OKLAHOMA CITY — The sentences of more than 500 prisoners were reduced Friday by the Oklahoma Pardon and Parole Board, setting the stage for their release within days.

The commutation orders were issued under a new state law allowing the board to review sentences of inmates in prison for crimes no longer considered felonies.

The board said it was the largest single day commutation of prisoners in U.S. history.

Gov. Kevin Stitt, who is required to approve the commutations, praised the board action. His office said he would begin processing them immediately.

That means 462 of the 527 inmates will be released Monday. Sixty-five others have legal detainers that must be disposed of before they are set free.

Commutations reduce prison sentences but do not erase inmate convictions from public records. The state expects the new law to save $11.9 million in prisoner custody costs this year.

“This is a historical day for criminal justice reform in Oklahoma,” said a statement from Steven Bickley, executive director of the Pardon and Parole Board. “With this vote, we are fulfilling the will of Oklahomans.

Bickley said the goal of the commutation program was to release low level, non-violent offenders and provide for “the successful reentry of these individuals back into society.”

He said the board considered 814 inmates for commutation during a special meeting on the first day the new justice reform law took effect. He said the board will continue to review other low-level offenders. The governor said he expects 2,000 inmates to go free by year’s end.

In 2016, Oklahomans voted to reclassify certain nonviolent drug and theft crimes from felonies to misdemeanors in an effort to reduce the state’s incarceration levels and related costs.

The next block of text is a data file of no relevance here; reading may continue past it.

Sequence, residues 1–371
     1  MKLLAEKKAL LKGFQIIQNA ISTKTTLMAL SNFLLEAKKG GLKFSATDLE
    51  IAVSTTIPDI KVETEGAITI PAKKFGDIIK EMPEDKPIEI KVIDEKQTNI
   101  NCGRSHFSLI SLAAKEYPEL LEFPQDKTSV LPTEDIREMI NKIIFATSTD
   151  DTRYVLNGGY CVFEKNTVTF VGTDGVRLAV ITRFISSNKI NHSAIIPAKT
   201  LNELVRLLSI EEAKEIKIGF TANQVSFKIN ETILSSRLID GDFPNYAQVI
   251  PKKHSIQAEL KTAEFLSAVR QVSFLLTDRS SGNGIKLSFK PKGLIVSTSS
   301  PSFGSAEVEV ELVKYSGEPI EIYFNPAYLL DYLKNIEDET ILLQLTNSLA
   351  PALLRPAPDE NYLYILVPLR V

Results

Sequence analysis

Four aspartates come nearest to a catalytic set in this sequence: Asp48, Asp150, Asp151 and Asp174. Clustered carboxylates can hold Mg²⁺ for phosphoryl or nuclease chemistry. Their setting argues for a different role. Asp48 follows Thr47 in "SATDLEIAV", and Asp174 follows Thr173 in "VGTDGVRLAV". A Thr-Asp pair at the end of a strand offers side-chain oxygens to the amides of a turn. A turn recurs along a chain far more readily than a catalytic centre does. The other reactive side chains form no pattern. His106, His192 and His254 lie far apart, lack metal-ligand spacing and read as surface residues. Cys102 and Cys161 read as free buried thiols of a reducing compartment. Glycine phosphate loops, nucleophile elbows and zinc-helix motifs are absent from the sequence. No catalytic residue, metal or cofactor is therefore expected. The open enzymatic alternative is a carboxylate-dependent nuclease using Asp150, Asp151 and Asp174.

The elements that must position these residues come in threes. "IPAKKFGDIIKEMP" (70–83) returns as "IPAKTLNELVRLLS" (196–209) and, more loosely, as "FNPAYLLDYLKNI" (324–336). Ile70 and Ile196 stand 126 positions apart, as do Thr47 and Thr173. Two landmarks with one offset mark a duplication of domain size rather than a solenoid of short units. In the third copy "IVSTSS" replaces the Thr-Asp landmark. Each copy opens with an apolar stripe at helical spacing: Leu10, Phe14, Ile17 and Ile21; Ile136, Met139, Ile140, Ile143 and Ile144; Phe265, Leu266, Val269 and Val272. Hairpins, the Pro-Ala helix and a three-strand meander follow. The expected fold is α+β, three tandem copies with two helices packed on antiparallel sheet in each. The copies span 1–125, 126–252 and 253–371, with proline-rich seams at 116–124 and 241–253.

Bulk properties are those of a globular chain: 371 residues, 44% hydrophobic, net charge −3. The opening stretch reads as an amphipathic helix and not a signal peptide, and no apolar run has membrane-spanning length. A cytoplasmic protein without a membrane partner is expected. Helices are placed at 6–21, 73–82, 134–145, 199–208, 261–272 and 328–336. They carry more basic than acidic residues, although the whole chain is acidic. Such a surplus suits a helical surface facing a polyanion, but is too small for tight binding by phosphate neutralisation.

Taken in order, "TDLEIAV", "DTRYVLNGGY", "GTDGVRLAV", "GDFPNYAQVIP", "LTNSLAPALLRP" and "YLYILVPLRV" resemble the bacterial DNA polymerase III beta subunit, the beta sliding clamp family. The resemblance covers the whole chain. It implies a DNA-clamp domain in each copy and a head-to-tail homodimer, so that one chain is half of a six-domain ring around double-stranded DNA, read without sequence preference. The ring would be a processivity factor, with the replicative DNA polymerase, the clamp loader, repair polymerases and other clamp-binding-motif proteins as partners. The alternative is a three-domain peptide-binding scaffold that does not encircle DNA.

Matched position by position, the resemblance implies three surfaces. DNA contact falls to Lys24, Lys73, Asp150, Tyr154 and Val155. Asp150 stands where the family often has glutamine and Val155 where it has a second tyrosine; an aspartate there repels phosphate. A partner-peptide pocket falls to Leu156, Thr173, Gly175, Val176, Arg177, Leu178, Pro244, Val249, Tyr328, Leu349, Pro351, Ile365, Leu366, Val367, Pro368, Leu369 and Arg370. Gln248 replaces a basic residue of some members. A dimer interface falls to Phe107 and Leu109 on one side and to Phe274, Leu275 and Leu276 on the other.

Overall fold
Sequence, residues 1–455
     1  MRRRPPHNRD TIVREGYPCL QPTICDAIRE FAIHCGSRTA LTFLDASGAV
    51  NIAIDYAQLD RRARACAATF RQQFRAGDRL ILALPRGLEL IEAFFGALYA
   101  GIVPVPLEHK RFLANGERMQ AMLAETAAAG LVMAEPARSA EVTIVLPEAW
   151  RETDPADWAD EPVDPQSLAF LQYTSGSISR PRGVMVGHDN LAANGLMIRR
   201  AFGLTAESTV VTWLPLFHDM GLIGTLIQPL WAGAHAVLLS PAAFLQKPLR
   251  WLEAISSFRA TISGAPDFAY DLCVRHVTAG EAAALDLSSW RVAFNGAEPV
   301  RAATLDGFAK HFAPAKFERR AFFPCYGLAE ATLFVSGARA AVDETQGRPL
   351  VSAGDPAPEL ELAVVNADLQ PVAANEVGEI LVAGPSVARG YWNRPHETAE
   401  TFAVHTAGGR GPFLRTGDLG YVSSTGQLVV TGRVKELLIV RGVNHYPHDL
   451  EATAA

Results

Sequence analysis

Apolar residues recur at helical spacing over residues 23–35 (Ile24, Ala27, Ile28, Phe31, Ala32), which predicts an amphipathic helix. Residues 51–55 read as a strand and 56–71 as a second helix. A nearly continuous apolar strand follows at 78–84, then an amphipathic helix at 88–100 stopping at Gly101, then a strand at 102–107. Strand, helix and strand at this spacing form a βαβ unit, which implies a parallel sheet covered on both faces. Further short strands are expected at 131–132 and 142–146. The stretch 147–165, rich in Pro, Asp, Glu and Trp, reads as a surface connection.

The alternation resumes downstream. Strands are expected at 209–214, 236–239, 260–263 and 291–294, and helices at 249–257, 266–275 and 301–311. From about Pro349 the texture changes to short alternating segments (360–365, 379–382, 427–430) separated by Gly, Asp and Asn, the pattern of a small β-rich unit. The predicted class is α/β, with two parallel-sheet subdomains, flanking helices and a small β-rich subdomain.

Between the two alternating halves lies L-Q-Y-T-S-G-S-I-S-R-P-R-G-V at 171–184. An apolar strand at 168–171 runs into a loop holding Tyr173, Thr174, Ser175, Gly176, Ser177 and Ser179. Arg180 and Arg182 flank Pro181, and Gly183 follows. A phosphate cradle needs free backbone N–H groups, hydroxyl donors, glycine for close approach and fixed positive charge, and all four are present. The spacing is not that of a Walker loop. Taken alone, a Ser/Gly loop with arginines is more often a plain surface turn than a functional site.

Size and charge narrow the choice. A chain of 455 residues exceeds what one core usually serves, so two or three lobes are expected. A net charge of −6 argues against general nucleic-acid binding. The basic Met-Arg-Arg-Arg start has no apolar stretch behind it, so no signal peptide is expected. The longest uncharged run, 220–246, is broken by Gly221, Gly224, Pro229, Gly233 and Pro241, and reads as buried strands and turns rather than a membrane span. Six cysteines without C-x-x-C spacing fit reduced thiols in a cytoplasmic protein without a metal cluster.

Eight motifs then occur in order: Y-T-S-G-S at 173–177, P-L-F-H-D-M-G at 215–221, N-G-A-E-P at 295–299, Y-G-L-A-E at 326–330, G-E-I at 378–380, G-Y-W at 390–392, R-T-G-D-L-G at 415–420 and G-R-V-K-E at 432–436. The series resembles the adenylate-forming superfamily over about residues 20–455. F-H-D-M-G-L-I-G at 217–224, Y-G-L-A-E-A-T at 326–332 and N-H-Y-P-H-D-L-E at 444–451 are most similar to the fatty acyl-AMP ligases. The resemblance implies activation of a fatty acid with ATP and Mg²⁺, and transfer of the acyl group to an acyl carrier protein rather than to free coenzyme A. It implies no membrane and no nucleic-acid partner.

Then earlier this year, the state Legislature passed a bill implementing the changes, making simple drug possession a misdemeanor and boosting the threshold for felony property charges from $500 to $1,000.

Male prisoners comprised 75 percent of the commutations. The average age of prisoners set for released is 40. They were imprisoned for three years.

To prepare for their release, prison officials deployed scores of volunteers to help with job fairs,  process paper work to re-issue or return driver’s licenses and state-issued IDs, and  set up special programs to help the prisoners successfully re-enter society.

 “This was a huge first step in the right direction for criminal justice reform,” said state Rep. Jason Dunnington, D-Oklahoma City, co-author of the new law. “And folks, believe me, we have a lot more to do.”

CNHI’s Oklahoma State Reporter Janelle Stecklein contributed details to this story.

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